There are many sides to the dilemma of whether or not
euthanasia should be carried out. There is the question of morality, the
question of active versus passive euthanasia and the question of when
euthanasia should be put into use. None of these questions are totally
cut and dry. There seem to be more gray areas within this issue than
there are black and white. Yet when you look at the problem on a personal
level with the actual individuals involved, some of those gray areas
almost disappear. People are put on this earth to live. When it gets to
the point where the quality of a person's life gets so bad that they can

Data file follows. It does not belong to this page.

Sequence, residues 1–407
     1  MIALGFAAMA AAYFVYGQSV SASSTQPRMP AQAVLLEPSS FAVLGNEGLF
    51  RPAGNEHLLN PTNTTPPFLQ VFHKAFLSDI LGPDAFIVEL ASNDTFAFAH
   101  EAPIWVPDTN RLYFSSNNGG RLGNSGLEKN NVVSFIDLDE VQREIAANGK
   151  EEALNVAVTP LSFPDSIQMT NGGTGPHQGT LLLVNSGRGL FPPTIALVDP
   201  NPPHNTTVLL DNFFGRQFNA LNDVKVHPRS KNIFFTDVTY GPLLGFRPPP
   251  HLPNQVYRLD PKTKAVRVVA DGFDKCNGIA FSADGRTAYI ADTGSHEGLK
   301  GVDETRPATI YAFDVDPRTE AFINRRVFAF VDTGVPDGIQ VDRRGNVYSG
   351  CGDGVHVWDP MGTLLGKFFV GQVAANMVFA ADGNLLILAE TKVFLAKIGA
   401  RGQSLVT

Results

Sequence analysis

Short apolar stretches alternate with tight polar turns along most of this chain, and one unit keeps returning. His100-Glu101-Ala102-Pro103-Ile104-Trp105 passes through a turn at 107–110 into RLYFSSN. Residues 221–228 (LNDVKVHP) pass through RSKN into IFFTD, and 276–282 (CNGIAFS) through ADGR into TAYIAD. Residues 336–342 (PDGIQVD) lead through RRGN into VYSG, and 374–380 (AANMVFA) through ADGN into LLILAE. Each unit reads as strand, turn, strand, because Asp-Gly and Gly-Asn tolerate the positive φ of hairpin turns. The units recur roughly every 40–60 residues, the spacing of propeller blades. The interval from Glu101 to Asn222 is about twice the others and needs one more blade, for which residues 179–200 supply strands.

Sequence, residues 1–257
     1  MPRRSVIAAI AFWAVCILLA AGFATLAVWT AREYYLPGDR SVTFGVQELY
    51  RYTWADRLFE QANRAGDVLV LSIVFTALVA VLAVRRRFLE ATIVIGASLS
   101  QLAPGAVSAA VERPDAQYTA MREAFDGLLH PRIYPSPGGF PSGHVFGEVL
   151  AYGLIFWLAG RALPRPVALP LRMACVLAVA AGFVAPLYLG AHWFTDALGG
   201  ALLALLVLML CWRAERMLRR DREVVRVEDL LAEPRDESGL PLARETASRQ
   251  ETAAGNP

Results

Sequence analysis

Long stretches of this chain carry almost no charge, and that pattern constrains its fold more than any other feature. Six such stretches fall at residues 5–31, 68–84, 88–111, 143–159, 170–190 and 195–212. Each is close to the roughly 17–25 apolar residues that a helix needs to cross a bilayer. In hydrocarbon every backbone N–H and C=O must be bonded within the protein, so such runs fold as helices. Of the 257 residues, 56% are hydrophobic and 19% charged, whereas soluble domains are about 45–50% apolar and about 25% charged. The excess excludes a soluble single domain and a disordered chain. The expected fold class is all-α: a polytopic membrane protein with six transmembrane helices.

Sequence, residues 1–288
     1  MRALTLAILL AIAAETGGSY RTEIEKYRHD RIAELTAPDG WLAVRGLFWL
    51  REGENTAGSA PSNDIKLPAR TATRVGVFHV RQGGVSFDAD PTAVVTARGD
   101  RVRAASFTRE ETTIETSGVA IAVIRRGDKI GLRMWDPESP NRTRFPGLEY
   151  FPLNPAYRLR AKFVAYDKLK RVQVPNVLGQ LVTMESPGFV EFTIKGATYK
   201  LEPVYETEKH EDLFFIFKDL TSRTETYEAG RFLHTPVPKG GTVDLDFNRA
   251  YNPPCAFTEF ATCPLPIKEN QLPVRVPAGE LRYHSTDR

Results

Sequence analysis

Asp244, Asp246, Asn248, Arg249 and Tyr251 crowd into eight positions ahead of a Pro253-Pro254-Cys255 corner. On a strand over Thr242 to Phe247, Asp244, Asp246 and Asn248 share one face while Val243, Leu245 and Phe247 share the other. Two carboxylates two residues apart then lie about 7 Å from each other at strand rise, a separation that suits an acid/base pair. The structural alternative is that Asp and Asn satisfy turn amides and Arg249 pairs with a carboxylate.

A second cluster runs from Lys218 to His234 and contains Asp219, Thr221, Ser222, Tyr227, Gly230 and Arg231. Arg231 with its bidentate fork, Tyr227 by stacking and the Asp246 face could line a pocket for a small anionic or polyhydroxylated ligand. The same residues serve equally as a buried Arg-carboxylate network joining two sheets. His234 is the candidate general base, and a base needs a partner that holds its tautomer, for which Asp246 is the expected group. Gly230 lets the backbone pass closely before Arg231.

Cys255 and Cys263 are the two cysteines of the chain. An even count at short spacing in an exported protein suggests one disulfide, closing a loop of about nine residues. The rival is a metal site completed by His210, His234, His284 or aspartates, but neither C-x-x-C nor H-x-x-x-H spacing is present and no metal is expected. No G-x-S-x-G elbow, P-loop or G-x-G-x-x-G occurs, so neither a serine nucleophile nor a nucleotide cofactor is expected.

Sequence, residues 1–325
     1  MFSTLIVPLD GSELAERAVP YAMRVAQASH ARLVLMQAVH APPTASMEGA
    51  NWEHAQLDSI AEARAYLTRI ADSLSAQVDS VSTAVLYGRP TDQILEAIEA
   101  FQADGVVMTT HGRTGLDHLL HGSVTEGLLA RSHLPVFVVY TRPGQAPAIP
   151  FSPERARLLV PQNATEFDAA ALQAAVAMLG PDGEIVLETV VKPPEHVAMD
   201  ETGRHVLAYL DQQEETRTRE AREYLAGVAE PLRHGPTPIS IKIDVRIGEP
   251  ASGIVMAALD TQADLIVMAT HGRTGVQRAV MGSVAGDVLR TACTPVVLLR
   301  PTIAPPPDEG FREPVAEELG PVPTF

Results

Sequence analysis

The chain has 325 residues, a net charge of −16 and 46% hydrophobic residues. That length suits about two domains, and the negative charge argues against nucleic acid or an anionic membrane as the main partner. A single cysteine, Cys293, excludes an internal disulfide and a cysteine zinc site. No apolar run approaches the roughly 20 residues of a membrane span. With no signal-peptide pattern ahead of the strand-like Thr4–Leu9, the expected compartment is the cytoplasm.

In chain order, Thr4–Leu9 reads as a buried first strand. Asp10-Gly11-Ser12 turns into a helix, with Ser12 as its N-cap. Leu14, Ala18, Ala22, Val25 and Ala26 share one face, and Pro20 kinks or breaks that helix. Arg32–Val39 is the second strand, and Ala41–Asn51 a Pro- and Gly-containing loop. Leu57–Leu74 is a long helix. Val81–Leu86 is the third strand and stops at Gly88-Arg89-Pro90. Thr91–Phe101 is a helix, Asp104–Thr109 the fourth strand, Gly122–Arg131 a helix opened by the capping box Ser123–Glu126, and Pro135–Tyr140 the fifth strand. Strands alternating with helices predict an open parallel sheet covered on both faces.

no longer function in the world, there is no reason to force that person
to stay alive. Euthanasia is therefore a necessary evil for those whose
practical life is in effect over due to a terminal illness or otherwise
life devastating condition.
If a person is in unbearable pain and close to death or is in a
vegetable state and no longer able to function, their life is by all
practical means over. There is no reason to keep them alive. The only
way to end their physical life is by euthanasia. The question is whether
to do this by way of active euthanasia or passive euthanasia. Many are
against active euthanasia because in this case you actually kill the
person rather than letting them die. But both methods are used for the
same end which is to end someone's life without further pain for the
patient as well as for the family. The only choice to make after this
fact is established is which of these means better carries out the end.
James Rachels, a philosophy professor, says that, 'if one...